Result: Using this knowledge, Medicare Peer Review Organizations implemented projects to increase the use of anticoagulation drugs, such as warfarin in 20 States. As a result, there was a 58 percent to 71 percent increase in the use of anticoagulation therapy, with a projection of 1,285 strokes prevented.
The findings of this AHRQ-funded study were influential in the development of guidelines by the American College of Physicians, American Heart Association, American College of Chest Physicians, and the Joint Council of Vascular Surgeons. In addition, based on this work, United HealthCare has included use of anticoagulation therapy for patients with atrial fibrillation in the profiling of its 262,000 physicians.
Question. Can we be more clinically and cost-effective in treating pneumonia patients?
Background. Approximately 600,000, or 15 percent, of the 4 million Americans who develop pneumonia each year are hospitalized. Because of the lack of evidence-based admission criteria and the tendency to overestimate the risk of death, many low-risk patients who could be safely treated outside the hospital are admitted for inpatient care.
AHRQ Finding. An easy-to-use method developed by AHRQ-supported researchers accurately predicts which pneumonia patients can be safely treated at home. Home treatment costs 10 to 15 times less than hospital care for pneumonia. The findings from this study also suggest that hospitals could reduce pneumonia hospital stays in many cases by one day without adversely affecting patient health.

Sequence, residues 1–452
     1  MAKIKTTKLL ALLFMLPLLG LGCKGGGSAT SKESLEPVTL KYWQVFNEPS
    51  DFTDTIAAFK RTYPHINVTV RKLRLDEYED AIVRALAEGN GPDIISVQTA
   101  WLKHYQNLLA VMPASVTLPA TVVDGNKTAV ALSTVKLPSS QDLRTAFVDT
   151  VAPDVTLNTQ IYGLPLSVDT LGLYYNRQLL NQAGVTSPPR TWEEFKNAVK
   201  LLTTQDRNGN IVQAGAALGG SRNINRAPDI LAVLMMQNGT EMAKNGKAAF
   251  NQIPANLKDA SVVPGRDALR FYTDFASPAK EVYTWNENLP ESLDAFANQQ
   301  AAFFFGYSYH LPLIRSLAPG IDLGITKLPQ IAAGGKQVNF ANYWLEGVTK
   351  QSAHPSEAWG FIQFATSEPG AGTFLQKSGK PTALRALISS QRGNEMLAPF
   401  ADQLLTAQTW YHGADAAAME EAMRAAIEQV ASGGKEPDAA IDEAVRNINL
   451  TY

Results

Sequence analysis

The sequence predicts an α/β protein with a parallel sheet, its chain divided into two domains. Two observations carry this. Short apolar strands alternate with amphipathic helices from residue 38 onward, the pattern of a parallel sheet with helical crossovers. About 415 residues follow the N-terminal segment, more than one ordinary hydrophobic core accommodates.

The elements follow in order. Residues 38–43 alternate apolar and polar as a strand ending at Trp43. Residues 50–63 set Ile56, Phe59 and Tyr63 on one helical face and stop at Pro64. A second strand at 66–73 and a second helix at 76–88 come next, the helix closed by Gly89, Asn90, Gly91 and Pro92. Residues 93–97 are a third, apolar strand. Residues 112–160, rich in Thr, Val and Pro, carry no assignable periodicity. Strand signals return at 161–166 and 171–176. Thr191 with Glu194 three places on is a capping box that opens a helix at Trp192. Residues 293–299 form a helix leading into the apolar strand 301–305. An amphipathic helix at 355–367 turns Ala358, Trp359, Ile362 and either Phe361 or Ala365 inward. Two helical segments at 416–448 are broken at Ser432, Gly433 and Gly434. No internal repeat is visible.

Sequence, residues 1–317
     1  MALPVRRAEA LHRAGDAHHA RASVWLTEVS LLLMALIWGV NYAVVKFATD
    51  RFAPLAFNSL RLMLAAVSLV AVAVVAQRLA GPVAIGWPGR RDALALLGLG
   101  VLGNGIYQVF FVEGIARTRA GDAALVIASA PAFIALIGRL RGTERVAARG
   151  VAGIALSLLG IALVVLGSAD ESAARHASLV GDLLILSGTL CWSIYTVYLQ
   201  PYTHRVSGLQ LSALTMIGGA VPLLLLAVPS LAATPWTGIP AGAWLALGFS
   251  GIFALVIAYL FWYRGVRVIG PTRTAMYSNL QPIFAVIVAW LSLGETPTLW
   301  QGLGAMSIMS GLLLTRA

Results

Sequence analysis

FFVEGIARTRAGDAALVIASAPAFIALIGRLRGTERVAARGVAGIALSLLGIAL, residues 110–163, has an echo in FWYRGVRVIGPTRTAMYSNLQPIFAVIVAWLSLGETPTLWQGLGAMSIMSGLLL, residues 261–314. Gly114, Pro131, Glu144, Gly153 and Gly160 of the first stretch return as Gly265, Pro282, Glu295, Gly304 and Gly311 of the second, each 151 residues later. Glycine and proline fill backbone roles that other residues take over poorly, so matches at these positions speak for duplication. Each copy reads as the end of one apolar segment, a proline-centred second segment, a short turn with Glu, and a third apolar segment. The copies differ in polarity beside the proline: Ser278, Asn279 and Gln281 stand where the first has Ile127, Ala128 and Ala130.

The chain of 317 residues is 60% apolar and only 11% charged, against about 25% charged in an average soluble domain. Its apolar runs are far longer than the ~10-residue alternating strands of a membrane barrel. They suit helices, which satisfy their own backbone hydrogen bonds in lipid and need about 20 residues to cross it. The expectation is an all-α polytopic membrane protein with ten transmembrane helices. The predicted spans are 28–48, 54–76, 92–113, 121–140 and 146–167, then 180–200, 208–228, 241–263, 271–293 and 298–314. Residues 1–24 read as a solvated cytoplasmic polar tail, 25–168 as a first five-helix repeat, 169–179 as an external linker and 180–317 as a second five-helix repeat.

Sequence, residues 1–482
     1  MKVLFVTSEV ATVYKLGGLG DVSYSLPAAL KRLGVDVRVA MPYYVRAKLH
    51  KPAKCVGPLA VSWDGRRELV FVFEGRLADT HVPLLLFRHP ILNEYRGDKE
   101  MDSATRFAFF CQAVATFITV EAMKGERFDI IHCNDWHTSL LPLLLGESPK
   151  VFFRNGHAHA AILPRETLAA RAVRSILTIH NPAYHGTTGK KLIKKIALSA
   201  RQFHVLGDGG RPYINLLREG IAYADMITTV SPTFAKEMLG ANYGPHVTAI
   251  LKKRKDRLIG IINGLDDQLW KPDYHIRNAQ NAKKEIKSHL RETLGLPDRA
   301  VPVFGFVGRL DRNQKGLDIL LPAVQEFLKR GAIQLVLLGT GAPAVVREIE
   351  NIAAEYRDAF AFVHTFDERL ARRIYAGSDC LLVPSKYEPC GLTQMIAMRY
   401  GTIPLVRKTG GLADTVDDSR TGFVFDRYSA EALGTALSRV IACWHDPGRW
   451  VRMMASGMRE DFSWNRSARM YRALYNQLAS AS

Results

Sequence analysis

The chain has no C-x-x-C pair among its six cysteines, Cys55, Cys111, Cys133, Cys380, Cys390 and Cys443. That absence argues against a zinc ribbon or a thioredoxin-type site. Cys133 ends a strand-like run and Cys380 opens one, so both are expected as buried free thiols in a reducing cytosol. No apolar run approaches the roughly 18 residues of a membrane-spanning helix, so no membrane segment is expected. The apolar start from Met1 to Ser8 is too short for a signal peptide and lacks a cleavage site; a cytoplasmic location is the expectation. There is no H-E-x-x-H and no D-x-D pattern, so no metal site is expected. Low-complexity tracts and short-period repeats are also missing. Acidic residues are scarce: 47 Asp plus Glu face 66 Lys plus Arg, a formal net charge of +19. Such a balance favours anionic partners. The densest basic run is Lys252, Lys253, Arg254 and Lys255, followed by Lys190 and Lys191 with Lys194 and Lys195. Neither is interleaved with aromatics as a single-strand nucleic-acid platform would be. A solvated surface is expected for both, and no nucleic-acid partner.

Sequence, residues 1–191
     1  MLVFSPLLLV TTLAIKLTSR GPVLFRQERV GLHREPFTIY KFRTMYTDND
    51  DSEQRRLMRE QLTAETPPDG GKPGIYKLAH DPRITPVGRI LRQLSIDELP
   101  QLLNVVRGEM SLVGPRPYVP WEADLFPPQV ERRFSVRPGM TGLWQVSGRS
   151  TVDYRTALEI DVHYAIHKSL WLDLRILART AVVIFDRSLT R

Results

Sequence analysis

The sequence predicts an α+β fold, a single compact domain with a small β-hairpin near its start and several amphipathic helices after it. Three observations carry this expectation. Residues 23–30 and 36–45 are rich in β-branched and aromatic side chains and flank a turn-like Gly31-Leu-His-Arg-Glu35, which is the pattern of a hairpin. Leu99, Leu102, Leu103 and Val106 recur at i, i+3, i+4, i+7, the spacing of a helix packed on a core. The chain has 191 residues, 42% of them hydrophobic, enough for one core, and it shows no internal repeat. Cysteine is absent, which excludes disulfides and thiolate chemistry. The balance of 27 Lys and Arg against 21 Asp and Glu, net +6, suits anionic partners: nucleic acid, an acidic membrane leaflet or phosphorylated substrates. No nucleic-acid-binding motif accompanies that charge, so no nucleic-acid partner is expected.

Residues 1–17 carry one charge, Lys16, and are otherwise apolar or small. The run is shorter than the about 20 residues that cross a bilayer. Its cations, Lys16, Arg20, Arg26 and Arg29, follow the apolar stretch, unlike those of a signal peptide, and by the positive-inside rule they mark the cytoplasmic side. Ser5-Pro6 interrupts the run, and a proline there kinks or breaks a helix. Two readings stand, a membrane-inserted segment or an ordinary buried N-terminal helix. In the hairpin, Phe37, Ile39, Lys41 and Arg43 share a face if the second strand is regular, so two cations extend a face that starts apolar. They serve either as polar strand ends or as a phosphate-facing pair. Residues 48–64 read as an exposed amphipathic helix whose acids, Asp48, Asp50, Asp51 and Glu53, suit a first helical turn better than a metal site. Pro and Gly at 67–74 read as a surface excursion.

Result: Criteria were developed to assist physicians with determining when patients could be discharged safely.
Question. Can we safely reduce the current level of medical pre-operative testing before cataract surgery?
Background. In 1996, Medicare beneficiaries had about 1.5 million cataract operations. Because patients with cataracts tend to be elderly and to have serious coexisting illnesses, many doctors believe that a medical examination with laboratory testing must be performed before a patient can be considered eligible for surgery. Routine medical testing before cataract surgery is estimated to cost Medicare $150 million each year.
AHRQ Finding. A recent AHRQ-funded study found that having patients undergo routine medical tests prior to having cataract surgery does not increase the safety of the surgery, and for the most part, is unnecessary. Medical testing should be ordered only when the history or a finding on physical examination indicates the need for a test, even if surgery had not been planned.
Question. Are carve-out programs for special health conditions, such as mental health/substance abuse (MHSA) problems, cost-effective?
Background. Health plans and insurers increasingly cover services, such as MHSA, through a separate contract (known as a "carve-out" program) with a specialty vendor. The vendor manages these services and is at partial or full risk for providing the services. The Massachusetts Group Insurance Commission (GIC) adopted a carve-out program to cover MHSA services. The contract exposed the vendor to a limited amount of financial risk to avoid providing strong incentives to skimp on service provision but still gave the vendor the incentive to perform well and save the GIC a substantial amount of money.
AHRQ Finding. Findings from a study supported in part by AHRQ indicate that this carve-out resulted in a 54 percent decrease in total episode costs for individuals with unipolar depression and a 33 percent decrease for those with substance dependence. But the researcher noted the importance of two benefit design features—the addition of partial hospitalization services for MHSA conditions, which previously had not been covered, and the expansion of the outpatient MHSA benefit, which reduced copayments and removed the annual limits on use of outpatient services—that helped maintain quality care.